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Check out this article that shall may give you a better understanding:
Here is a link that has some history on RCS, but doesn’t tell the whole story:
Unfortunately, even though the three major carriers in the US have adopted it for Android phones, they are still trying to monetize it and RCS still only works within each carrier. It appears that each carrier has to partner with Google and I doubt that it is free. This is what I found on AT&T:
- How much does Advanced Messaging cost?Standard MMS and SMS rates apply based on your current AT&T rate plan. If you are on a plan that includes an unlimited number of texts, you will not incur any additional charges when you use Advanced Messaging.For capped Messaging plans or Pay-Per-Use customers, you will also be billed at your current messaging rates. But please note, if you send a message with multiple attachments with Advanced Messaging, each file you attach as well as your text will be counted and billed as individual messages.For example, if you type a text message and attach 2 photos, those would count as 3 separate messages (1 SMS and 2 MMS) for billing purposes. Files can be photos, videos, contacts, calendar items, or anything else you attach to your text message.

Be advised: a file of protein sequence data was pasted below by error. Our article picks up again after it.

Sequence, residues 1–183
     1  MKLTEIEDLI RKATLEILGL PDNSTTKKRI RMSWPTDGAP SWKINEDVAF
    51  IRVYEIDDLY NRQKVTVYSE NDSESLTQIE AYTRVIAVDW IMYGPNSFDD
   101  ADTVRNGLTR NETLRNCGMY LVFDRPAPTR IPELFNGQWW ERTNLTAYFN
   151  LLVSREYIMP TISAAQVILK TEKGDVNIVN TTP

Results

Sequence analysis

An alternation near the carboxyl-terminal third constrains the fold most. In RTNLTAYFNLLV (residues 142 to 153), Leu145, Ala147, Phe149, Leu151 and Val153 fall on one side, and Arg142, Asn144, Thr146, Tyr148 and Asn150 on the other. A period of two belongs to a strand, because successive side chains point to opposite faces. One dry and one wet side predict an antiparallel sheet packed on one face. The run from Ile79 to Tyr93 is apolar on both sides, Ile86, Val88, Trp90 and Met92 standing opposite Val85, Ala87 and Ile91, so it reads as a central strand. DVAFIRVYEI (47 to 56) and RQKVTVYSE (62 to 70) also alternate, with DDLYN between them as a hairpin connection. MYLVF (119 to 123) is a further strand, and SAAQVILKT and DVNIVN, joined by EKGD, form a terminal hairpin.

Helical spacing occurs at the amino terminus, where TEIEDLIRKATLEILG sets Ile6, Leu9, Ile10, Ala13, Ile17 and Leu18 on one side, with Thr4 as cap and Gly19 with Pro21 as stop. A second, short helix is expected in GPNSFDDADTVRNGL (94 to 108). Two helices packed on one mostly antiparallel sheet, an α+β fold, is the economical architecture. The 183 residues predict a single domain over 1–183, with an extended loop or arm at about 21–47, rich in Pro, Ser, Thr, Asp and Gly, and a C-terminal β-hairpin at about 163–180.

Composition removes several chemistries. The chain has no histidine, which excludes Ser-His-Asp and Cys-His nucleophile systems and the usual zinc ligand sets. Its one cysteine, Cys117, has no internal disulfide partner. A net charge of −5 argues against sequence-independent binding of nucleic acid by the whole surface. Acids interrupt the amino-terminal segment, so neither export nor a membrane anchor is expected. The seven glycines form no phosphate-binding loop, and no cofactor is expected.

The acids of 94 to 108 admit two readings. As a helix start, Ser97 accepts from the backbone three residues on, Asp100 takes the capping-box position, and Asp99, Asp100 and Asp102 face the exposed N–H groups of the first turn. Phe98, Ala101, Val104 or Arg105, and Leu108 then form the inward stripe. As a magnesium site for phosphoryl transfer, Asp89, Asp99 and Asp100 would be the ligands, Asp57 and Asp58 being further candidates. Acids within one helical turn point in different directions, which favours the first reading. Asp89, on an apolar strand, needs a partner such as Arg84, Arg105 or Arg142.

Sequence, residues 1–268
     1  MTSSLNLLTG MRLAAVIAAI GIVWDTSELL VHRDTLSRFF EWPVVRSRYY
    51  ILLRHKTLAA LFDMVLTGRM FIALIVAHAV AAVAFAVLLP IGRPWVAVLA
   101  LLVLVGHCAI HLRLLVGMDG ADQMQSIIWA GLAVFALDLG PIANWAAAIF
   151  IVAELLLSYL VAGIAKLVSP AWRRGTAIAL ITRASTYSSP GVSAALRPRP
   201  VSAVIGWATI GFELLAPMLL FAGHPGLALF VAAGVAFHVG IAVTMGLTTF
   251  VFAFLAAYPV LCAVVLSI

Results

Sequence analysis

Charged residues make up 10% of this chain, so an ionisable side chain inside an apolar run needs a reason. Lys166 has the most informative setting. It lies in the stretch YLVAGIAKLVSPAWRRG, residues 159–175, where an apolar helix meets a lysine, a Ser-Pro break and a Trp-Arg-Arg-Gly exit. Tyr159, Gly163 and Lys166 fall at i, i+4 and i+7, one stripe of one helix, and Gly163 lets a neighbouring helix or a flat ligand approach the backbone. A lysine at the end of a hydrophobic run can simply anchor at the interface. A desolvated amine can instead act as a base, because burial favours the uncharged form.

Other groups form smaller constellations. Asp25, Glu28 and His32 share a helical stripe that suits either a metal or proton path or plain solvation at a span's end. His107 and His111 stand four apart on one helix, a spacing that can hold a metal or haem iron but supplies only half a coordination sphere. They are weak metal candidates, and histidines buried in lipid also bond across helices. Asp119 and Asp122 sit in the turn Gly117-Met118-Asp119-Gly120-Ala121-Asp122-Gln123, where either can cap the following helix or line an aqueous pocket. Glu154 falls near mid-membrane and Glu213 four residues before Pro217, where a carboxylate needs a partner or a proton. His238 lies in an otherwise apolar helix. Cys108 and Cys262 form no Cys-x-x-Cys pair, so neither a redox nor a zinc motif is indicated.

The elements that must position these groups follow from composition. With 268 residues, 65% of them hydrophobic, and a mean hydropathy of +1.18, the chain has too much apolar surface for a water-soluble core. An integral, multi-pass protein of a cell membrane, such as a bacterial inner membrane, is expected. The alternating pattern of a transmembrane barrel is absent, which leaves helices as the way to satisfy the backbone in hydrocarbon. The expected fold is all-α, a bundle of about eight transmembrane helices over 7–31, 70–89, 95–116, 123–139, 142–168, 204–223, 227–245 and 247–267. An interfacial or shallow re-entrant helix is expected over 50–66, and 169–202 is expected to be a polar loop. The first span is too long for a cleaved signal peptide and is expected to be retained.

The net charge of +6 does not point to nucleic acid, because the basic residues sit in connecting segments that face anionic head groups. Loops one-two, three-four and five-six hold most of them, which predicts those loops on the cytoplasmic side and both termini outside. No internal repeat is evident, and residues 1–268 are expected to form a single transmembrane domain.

cpsro said:DangDave said:Many Anker and other charging adaptors do not have PD, instead they have what they call IQ which means that the voltage will not change and therefore they are limited to 5 volts and therefore 15 watts. So yes, 15 watts is better and faster than 5, 10, or 12 watts, but this is not considered fast charging.
What is PowerIQ and PD?USB Power Delivery (USB PD) is an open fast charging standard. Developed and maintained by the same group that supports USB-C. Anker’s PowerIQ 3.0 is a proprietary fast charging standard that combines USB PD and PowerIQ 2.0 into a single USB-C port
These Apple charging adapters are USB-C PD (Power Delivery). PD is the standard from the USB-IF and is what EU is mandating in their new regulations for fast charging or for charging above 15 watts. All Apple devices that include fast charging or require more than 15 watts have PD.
Many Anker and other charging adaptors do not have PD, instead they have what they call IQ which means that the voltage will not change and therefore they are limited to 5 volts and therefore 15 watts. So yes, 15 watts is better and faster than 5, 10, or 12 watts, but this is not considered fast charging.What we don’t know is how the two ports share the 35 watts when two connectors are attached? Probably port 1 max 20w, port 2 max 15w?